Writer. Lawyer. Nigerian. American. Bibliophile. Gender Equality Believer. Pop Culture Junkie. Theology Nerd. Millennial. 

...Figuring out what it means to be a woman & blogging about it...

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Memoirs of a Naijamerican Bride I: Love In The Time Of Bella Naija

Memoirs of a Naijamerican Bride I: Love In The Time Of Bella Naija

“Are you sure you’re excited about getting married?” My friend’s question completely threw me off guard. 

“What do you mean? Of course I am excited!” I replied.

Well, you never post about your fiancé or your engagement on Instagram- but I always see you posting about your friends…” 

I was shocked. I had made a decision to keep my relationship off social media for the most part, until our wedding. My then fiancé-now husband- doesn’t even have any social media accounts. I never imagined that the legitimacy of my love would be questioned because of my decision to avoid digitally documenting it for some time. 

Alas, we live in the era of #PicsOrItDidntHappen, and the Internet is changing the ways we express and celebrate love. This is true in Nigeria, as much as anywhere in the world. Nigerian society places immense pressure on women to get married- preferably before 30, but better late than never. For a single woman above a certain age in Nigeria, marriage is the constant and inevitable ‘but.’

Oh, you graduated from medical school? Congratulations. But when are you getting married?!”

“She started a business? That’s nice- but is she married?”

With the popularity of Nigerian wedding and lifestyle blogs-none more popular than Bella Naija- it is no longer enough for a Nigerian woman to become a member of the Mrs. Club. One must arrive in style. A wedding has become the quintessential coming out ball for Nigerian socialites, and many Nigerian brides-to-be plan their weddings with the social media gaze in mind. #BellaNaijaPostOrItDoesntMatter.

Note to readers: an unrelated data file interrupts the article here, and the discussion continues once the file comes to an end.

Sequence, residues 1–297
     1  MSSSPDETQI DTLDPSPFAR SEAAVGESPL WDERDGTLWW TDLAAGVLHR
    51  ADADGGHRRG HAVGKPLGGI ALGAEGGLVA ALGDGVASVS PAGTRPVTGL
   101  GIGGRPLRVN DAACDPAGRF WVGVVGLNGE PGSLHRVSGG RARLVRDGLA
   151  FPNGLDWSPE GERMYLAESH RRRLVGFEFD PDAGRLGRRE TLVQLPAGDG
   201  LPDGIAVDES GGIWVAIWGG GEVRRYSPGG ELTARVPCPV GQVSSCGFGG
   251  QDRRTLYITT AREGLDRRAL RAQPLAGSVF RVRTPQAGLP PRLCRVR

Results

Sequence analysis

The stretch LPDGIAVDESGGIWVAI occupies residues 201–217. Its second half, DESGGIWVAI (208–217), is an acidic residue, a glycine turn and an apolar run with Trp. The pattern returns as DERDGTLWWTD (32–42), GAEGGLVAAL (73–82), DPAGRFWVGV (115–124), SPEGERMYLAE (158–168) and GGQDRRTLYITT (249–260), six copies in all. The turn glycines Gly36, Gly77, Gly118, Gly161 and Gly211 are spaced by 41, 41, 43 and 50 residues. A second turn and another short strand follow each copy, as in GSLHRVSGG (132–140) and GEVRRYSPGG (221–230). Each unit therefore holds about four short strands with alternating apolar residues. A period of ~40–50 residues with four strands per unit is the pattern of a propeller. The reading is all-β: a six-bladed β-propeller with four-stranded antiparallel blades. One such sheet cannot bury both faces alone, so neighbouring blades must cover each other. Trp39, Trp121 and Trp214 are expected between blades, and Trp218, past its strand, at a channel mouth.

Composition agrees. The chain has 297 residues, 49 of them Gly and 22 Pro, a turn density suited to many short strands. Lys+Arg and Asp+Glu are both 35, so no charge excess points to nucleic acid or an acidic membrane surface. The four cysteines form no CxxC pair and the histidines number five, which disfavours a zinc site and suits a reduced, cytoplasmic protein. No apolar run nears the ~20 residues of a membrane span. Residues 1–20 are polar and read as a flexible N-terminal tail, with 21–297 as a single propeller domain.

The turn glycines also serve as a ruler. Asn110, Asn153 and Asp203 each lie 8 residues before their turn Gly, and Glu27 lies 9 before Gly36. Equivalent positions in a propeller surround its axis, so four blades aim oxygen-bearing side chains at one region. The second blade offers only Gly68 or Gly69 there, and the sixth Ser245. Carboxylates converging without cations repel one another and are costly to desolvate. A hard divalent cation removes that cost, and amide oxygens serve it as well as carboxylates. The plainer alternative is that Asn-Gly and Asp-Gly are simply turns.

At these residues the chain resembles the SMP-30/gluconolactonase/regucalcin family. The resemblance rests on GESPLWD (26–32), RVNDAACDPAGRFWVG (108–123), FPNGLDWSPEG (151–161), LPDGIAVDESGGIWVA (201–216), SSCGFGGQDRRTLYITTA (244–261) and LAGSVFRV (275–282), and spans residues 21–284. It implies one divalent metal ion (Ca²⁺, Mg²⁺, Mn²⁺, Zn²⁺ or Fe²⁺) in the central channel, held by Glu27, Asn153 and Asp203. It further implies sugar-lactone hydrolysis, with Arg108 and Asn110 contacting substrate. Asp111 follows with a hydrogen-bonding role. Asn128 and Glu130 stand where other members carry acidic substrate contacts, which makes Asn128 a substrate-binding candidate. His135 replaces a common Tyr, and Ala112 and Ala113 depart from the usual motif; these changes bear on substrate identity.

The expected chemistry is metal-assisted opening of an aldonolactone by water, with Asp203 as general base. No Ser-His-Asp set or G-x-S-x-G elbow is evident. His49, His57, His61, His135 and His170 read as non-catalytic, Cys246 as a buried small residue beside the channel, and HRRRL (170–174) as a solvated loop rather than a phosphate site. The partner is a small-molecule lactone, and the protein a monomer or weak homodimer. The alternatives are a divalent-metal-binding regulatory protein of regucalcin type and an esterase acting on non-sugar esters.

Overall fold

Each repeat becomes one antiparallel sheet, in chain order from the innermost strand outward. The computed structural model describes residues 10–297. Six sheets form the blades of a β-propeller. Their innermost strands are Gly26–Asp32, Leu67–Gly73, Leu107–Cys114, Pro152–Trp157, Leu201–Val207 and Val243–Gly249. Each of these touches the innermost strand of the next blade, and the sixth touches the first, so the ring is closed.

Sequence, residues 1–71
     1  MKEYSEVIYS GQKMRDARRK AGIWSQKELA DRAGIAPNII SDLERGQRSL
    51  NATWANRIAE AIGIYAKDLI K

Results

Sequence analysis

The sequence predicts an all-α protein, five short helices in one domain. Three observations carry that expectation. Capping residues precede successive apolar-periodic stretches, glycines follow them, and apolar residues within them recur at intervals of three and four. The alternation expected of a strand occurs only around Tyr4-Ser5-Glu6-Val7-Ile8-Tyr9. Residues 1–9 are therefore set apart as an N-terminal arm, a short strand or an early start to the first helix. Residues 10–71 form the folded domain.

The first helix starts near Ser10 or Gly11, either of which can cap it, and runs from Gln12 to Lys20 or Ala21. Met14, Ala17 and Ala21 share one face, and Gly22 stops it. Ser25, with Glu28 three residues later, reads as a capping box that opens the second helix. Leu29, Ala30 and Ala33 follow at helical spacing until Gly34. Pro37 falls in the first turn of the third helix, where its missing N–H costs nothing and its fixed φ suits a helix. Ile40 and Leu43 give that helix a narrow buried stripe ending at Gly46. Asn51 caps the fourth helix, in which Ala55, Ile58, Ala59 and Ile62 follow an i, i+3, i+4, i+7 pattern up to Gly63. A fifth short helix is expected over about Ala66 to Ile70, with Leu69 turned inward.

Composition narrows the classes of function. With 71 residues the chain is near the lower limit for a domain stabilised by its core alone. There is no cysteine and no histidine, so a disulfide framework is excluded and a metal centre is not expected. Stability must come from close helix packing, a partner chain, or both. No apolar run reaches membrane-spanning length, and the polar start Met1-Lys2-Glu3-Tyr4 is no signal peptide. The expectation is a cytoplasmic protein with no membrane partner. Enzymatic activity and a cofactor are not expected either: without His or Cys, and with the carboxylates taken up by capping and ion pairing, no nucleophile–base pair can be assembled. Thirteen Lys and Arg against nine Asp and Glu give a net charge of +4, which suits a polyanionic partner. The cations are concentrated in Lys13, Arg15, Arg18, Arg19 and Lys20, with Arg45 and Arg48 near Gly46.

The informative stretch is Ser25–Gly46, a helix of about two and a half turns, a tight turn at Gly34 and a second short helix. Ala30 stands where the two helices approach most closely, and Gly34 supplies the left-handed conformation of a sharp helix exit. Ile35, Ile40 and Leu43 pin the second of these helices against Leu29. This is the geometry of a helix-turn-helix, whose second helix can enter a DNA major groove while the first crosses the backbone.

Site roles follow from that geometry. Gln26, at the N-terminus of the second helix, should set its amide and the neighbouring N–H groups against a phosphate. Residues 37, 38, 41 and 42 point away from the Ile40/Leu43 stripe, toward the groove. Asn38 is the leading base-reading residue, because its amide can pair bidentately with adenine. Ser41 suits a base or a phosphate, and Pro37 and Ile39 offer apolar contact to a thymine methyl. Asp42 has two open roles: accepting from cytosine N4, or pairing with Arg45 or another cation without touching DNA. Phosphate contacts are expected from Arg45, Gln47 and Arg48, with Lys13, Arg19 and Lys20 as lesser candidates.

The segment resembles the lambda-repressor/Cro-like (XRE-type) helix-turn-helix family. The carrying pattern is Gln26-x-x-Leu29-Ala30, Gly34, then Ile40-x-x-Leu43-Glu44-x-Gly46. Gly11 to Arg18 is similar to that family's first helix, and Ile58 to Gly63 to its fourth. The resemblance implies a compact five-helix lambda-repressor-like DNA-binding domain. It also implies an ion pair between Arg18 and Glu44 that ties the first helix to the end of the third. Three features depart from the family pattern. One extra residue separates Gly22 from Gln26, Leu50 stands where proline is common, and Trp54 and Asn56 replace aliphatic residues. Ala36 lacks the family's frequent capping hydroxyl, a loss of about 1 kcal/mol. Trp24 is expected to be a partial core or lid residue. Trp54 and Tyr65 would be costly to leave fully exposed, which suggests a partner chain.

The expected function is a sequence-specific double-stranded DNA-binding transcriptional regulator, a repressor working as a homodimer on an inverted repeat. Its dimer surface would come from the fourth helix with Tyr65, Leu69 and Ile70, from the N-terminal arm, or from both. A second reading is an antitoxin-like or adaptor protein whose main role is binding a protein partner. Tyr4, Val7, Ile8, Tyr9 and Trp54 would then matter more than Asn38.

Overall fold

Listen, I am here for this Bella Naija culture. Pre-wedding, it became a ritual for me to spend my Saturday mornings scrolling through pictures of trending wedding hashtags as popularized by Bella Naija and the ‘it’ vendors; and discussing them with my sister and best friends. I also combed through every Aisle Perfect blog post to get a head start on planning. After I while, I pretty much became a walking wedding encyclopedia. And yes, having Bella Naija and my dress designer post pictures of my wedding dress on Instagram was nice.   

I am here for all of it. Well, for most of it. What sometimes gives me pause is the effect this new culture is having on Nigerian women.  

The Bella Naija culture is affecting us economically. When I began to contact prospective vendors- a lot of whom I had become aware of through Bella Naija and the like- some of the quotes I received nearly made me choke. Even by New York (where I live) standards, some of the prices were ridiculous. Most of these vendors of Bella Naija fame, were not interested in bargaining- and hey, I cannot knock their hustle. If there are several brides-to-be willing to pay me top naira, why waste time bargaining with another? A lot of brides choose vendors they see on Bella Naija because they think they are the best. I can totally understand this because planning my wedding outside Nigeria, I couldn’t sample vendors on the ground, and Bella Naija served as a vendor directory. The greater the exposure vendors get from Bella Naija and the like, the greater the demand for them, and the higher their prices. As a result, we are left with inflated prices, often based more on popularity than quality. In reality there are several amazing vendors in Nigeria that are simply not on social media. The more Nigerian vendors become social media savvy, the broader the playing field, and hopefully, the better the pricing.

More importantly, the Bella Naija culture is affecting Nigerian women emotionally. I can’t help but wonder: how many Nigerian women are rushing into bad decisions because they are desperate for the B hashtags: #Bae, #Bling, #Bride, #BabyBump, and of course- #BellaNaija? Are we taking the time to hash out situations before we hashtag them? With all the pomp and circumstance of these society weddings, we are missing out on a lot of backdoor narratives. What about the women quietly exiting marriage a few months after the wedding that got that Bella Naija feature? And how many stories of infidelity and abuse are hiding behind perfect #selfies? A face that is #beatforthegods, might have just been beaten by the #boo first. Unfortunately, Nigerian society as a whole has perpetuated the idea that a woman in a bad marriage is in a better position than a single woman who is happy. What we neglect is the struggles that bling can’t hide, and the facts that filters can’t make pretty.

I am grateful for websites like Bella Naija & Aisle Perfect because they provided me with a plethora of information and ideas when I was planning my wedding. I am proud of the brains behind these brands that are being used to celebrate the richness of Nigerian culture.

I just worry about a culture in which marriage is increasingly becoming a competitive race where a ring is a trophy, and an Instagram post is the glory.


Memoirs of a Naijamerican Bride II: Mom & Me: The Dance Between Culture & Change

Memoirs of a Naijamerican Bride II: Mom & Me: The Dance Between Culture & Change